It’s still winter—spring officially begins March 20—and heavy snowfall predicted this weekend is a reminder that despite the change in season, March is historically Colorado’s snowiest month.
Deep snowfalls—especially spring snow that tends to be heavier and wetter than powdery winter snow—can break tree limbs, smother and crush ornamental grasses and splay upright evergreens.
Here are a few things to keep in mind as we head into this snowy weekend.
Before the storm:
- Got early bulbs sprouting? Protect them from breakage and damage from heavy snow load by putting buckets over them. Early bulbs such as crocuses are more likely to weather the cold temps, but if the stems are greater than 2-3” tall, they could break under the snow, preventing those beautiful blooms.
- Household items such as 1 gal. or larger plant containers, empty buckets or even a sturdy bowl can be placed over plants to protect them from being crushed by heavy snow. Once in place, the containers work to your advantage by collecting snow that acts as an insulator for the plants.
During the storm:
- Keep an eye on snow accumulating on trees – on both deciduous and evergreens. If branches are sagging under the weight, use something long such as a broom handle to gently shake snow off the branches as high as you can reach. Start at the lowest part of the tree rather than at the top. If you start dusting snow off the top, it will add even more weight onto the lower branches. Starting at the bottom of the tree helps to keep those lowest branches from being overloaded to the breaking point.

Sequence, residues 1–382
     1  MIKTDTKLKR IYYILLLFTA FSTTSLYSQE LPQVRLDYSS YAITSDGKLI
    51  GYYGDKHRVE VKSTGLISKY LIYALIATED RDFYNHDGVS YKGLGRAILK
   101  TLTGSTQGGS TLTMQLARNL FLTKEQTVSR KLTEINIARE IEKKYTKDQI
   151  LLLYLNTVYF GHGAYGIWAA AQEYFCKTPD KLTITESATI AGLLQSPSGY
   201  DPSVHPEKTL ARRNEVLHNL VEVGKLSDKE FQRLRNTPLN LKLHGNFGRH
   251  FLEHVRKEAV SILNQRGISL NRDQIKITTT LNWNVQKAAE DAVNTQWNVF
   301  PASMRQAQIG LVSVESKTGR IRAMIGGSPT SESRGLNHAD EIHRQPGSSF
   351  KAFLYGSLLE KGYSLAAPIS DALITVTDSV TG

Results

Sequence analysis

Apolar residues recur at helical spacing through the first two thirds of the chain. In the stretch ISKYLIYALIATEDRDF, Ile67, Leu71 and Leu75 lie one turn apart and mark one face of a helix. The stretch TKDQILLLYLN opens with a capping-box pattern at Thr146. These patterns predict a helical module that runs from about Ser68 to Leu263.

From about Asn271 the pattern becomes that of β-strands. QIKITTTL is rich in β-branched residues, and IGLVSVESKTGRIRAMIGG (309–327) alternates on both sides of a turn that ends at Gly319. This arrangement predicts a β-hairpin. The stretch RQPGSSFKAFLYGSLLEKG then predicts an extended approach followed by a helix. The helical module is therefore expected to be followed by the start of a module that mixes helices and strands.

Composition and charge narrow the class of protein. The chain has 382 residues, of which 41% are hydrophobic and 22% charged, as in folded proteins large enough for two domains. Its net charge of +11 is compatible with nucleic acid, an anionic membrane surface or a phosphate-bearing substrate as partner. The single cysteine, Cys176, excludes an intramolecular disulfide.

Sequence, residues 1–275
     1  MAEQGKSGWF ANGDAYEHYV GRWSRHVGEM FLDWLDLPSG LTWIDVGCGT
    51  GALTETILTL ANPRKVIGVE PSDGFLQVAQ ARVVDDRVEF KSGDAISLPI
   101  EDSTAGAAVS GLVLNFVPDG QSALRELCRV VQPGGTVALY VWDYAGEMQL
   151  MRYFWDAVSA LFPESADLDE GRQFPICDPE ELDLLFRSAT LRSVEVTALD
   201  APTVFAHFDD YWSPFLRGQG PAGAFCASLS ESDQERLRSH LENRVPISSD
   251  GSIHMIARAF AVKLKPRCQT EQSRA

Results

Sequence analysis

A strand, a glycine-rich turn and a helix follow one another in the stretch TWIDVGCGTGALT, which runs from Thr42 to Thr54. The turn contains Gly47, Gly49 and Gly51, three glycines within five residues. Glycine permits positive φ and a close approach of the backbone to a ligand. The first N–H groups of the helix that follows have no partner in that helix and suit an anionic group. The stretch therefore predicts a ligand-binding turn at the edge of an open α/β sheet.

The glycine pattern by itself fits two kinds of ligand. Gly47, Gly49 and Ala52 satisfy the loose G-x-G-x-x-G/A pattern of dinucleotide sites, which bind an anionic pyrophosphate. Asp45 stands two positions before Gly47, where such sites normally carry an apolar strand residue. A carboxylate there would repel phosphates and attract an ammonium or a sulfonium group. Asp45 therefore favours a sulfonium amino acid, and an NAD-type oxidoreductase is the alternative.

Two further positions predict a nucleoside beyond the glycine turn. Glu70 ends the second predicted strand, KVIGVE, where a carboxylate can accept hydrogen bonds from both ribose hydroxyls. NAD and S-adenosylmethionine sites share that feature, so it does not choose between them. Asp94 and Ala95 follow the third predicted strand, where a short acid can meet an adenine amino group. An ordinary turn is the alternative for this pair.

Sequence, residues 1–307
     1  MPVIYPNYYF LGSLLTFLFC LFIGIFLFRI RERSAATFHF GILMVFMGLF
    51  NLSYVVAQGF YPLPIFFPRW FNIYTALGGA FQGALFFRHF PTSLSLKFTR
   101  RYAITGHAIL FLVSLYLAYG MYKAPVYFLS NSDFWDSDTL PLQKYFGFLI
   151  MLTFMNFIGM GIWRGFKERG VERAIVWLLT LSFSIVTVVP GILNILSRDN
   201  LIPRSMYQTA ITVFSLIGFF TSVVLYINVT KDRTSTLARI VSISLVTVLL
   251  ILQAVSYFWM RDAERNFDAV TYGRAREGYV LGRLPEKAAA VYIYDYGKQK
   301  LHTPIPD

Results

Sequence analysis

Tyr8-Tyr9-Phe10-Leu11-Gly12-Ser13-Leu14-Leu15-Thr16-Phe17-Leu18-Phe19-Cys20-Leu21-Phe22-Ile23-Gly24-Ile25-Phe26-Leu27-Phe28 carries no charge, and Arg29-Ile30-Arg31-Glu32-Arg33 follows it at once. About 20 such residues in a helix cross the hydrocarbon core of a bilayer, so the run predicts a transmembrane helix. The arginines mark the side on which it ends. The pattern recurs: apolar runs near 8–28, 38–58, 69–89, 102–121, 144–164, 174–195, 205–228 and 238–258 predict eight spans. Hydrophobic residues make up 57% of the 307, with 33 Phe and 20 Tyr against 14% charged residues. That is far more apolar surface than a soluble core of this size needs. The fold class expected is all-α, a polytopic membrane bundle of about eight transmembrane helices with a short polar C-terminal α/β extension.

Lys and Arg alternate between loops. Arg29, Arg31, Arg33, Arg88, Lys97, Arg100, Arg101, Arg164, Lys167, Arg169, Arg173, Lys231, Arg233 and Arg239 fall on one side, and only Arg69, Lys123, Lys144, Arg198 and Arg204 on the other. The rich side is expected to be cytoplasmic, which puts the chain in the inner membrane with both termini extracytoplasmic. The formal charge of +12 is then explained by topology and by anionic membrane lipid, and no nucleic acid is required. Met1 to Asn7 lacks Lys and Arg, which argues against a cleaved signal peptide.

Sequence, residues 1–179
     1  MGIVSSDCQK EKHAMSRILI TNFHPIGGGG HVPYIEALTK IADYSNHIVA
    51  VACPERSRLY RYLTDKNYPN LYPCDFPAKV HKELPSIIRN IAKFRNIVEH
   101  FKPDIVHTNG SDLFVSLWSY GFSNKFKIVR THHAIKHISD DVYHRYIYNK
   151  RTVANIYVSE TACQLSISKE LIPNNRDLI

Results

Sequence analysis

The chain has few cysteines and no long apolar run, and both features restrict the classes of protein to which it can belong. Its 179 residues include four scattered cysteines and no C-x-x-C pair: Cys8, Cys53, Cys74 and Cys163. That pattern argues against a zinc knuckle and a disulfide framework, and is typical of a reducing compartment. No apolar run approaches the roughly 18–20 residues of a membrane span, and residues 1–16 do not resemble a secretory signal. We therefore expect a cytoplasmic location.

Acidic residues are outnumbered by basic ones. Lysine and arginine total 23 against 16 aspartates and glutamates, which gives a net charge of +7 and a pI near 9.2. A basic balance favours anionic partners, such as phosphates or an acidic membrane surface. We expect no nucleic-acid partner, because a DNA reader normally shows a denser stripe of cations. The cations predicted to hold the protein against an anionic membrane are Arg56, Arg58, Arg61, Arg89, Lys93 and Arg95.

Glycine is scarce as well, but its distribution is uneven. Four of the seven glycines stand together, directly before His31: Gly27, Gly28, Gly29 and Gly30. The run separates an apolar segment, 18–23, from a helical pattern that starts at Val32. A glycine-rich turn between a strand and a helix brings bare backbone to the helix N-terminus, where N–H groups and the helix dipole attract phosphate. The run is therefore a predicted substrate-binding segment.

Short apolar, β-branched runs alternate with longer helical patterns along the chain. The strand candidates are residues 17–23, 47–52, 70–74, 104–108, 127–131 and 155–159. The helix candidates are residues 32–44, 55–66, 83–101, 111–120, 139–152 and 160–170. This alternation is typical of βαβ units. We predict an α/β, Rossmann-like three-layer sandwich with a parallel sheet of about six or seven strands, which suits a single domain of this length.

- If you have trees that are already leaning – or branches that are at a sharp “V” with one already growing more to the side than upright—avoid standing or putting property under them. These may be signs of a tree that could fall over or a branch that could break under heavy snow. Cottonwood trees, for example, are often susceptible to breakage.
- Branches of columnar, upright evergreens can spread apart under heavy snow. Shaking snow off these evergreens can help minimize the damage.
After the storm:
- Inspect trees for broken branches or “hangers.” These are broken branches that seem to be hanging on by a thread. Line up an expert to cut the branches properly to avoid insect or disease problems in these wounds later on.
- For upright evergreens that have splayed, check at a garden center for material that can be wrapped around the branches to restore their upright shape.
- If ornamental grasses have been crushed, they won’t bounce back. Plan a time when the weather is warm to cut grasses back. This needs to be done in the springtime anyway before new shoots emerge. If your grasses survived until now, congratulations!
Be safe. Got toppled plants with downed wires? Assume that any wire is energized and do not touch it. Contact local utilities to check it out before approaching it. If it is posing an immediate hazard, contact emergency services.